The Mary Jane Underwood Stryker Center for Civic Engagement (CCE) turns 15 this year, and its hard to imagine better origins. It began as a joint brainstorming effort between students, faculty and several community partners with the intent on redefining what a liberal arts education was all about. Students were not just de facto city residents while they studied at K; they were community assets as well. Annually, about 600 K students participate in service-learning in some way with the CCE.
From work on sustainability issues to girl’s and women’s empowerment to health and economic equality to food justice, CCE programming engages students in work that promotes social justice, further pushing the College’s mission to create lifelong learners.
“For some of our students, it’s the first time they’ve witnessed first-hand a variety of ‘isms,’” says Alison Geist, CCE’s director. “We put students on the front lines of many societal issues in a way that sitting in a lecture or classroom just can’t.”
Susmitha Daggubati ’16 mentors a second-grader at Woodward Elementary School in Kalamazoo’s Stuart Neighborhood, adjacent to K’s campus. Daggubati, a senior majoring in chemistry and earning a concentration in biochemistry and molecular biology, is in her second year at Woodward and serves as a Civic Engagement Scholar, a kind of on-site leader who mentors other K students working at sites across the community, scheduling their shifts and organizing meetings to brainstorm programming ideas.
Daggubati moved with her family to the Kalamazoo area from their native India ten years ago. Still very much tied to her Indian roots, her time in service-learning has also given her a greater understanding of the complex social issues at play in American society “In many classes, we learn the theories about the roots of so many social problems,” she says. “But I am able to make those connections to the real world when I’m involved. It keeps me rooted in the realities of the world, and it has given me a greater understanding of American culture.”
Tom Thornburg is the managing attorney at Farmworker Legal Services, a non-profit agency based in Bangor, Mich., a small community about 25 miles west of Kalamazoo, in an agricultural area where hundreds of migrant workers flock each year to work in fields and orchards. His agency assists these workers – overwhelmingly Hispanic – with everything from language services to information on their legal rights to informing them of resources available to them. He’s been working with the CCE for almost a decade, and the K students who’ve come through his doors have become an invaluable resource.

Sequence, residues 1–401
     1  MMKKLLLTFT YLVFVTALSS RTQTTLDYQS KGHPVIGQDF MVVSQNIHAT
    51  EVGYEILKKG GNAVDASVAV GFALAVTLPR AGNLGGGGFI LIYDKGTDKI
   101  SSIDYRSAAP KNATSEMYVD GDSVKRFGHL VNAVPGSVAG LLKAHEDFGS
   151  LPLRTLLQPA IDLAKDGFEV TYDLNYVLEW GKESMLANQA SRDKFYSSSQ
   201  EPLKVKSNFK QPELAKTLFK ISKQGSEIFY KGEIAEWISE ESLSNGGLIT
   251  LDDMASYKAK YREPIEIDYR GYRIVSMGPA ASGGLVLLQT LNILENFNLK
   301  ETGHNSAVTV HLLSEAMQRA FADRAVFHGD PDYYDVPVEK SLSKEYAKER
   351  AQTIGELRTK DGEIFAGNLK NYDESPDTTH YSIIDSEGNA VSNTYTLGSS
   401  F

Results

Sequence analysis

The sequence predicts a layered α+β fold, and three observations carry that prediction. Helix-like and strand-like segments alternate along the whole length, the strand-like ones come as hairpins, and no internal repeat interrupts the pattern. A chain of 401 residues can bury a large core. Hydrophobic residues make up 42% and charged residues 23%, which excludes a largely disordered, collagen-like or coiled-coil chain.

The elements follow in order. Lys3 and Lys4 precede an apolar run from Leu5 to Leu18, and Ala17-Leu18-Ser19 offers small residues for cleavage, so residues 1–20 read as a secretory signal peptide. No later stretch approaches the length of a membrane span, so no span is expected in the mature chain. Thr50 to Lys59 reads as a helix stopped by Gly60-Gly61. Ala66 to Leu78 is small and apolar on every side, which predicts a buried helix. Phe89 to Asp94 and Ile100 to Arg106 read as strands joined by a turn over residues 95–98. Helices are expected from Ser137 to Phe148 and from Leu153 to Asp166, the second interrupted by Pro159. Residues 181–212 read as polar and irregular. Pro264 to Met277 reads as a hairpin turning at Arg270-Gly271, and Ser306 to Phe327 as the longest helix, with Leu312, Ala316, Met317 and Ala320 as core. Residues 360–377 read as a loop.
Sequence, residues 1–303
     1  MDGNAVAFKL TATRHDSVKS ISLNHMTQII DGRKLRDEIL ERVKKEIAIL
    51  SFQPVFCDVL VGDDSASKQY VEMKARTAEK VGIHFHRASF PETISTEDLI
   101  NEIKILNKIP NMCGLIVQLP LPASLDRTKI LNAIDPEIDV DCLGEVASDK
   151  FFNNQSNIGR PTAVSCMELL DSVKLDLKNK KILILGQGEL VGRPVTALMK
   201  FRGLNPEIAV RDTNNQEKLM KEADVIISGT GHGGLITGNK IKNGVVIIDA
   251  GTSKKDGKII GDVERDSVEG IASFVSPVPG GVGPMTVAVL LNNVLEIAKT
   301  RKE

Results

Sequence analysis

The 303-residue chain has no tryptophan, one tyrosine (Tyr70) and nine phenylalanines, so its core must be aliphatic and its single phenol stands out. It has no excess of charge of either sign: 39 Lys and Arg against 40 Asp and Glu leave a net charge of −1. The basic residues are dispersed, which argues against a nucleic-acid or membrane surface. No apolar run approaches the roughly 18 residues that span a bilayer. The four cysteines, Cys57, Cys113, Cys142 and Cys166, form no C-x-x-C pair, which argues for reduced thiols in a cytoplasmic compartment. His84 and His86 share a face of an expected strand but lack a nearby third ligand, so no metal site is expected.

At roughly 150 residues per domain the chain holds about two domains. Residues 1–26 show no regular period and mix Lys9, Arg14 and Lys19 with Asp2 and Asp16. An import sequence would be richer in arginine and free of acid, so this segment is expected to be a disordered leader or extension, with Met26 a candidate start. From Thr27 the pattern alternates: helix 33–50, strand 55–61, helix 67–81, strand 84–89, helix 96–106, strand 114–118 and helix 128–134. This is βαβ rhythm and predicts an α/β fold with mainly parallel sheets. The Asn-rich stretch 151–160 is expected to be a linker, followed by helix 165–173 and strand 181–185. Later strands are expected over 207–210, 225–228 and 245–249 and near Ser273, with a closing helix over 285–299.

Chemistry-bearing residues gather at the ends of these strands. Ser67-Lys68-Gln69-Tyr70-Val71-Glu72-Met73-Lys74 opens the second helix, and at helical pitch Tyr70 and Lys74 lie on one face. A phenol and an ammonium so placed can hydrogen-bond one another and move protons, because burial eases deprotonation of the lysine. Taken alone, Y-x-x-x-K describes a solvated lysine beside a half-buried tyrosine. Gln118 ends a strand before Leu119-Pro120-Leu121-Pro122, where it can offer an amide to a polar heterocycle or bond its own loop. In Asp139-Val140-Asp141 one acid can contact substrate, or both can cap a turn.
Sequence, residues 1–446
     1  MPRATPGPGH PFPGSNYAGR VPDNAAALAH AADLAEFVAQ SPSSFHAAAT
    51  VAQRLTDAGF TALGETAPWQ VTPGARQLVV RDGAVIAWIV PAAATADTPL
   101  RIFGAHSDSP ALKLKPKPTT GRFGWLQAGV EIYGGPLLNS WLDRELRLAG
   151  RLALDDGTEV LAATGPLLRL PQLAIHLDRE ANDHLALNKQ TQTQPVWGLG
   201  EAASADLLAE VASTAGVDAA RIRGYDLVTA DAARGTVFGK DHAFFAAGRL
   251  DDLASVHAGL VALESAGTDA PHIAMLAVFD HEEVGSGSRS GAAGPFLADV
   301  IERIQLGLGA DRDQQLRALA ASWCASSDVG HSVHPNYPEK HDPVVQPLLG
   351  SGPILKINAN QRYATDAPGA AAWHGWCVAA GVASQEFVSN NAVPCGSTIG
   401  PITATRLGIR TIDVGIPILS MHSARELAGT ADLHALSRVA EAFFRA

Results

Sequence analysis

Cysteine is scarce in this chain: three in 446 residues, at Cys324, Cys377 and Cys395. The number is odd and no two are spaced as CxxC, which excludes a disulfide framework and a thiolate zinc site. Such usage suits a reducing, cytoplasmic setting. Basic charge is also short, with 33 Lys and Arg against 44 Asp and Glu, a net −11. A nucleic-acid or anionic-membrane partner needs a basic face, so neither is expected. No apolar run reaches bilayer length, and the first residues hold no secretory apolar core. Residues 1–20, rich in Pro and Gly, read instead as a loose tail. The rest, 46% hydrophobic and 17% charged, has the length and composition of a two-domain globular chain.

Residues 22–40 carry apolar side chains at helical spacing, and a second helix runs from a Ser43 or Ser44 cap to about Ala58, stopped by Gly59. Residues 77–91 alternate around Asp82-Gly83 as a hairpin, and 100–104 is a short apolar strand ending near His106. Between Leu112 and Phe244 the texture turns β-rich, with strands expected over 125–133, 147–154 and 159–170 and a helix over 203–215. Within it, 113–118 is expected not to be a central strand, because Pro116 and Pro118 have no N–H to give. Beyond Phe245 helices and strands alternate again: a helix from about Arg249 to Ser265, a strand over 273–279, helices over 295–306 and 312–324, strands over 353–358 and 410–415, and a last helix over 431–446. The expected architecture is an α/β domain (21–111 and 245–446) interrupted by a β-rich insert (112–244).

“The students from K are some of the brightest, best-equipped and most professional volunteers we get,” Thornburg says. “They come here with a sense of enthusiasm to help, a sense of what to do, an autonomy. They’re excellent, right up there in many ways with the law students we have working here.”
Over the years, hundreds of the nearly 2,000 students Associate Professor of Psychology Karyn Boatwright has taught have participated in service-learning programs, in a diverse group of local agencies, from the Kalamazoo Public Schools to Planned Parenthood to Goodwill Industries.
Through more than 30 different courses at the College designed with community partners, faculty at K have engaged thousands of students, community residents and leaders to create opportunities for experiential learning and impact derived organically and intentionally from service-learning work.
Says Boatwright, “The CCE and their students consistently impress upon us the need for reflection to ensure that we are not only connecting the proverbial dots, but understanding the political and social connections between success and social factors. Civic engagement experiences improve the quality of learning for our students and strengthen our community.”
The College’s solid commitment to developing the next generation of leaders who are observant, lifelong learners intent on crafting solutions to problems plaguing a suffering world is stronger now than ever. Concludes Geist: “The founders of K were always interested in social justice, and our programming is a manifestation of that. It’s the idea that we should be creating a fellowship of learning, not just working in ivory towers tucked away from society.”
(Text by Chris Killian; photo by Keith Mumma)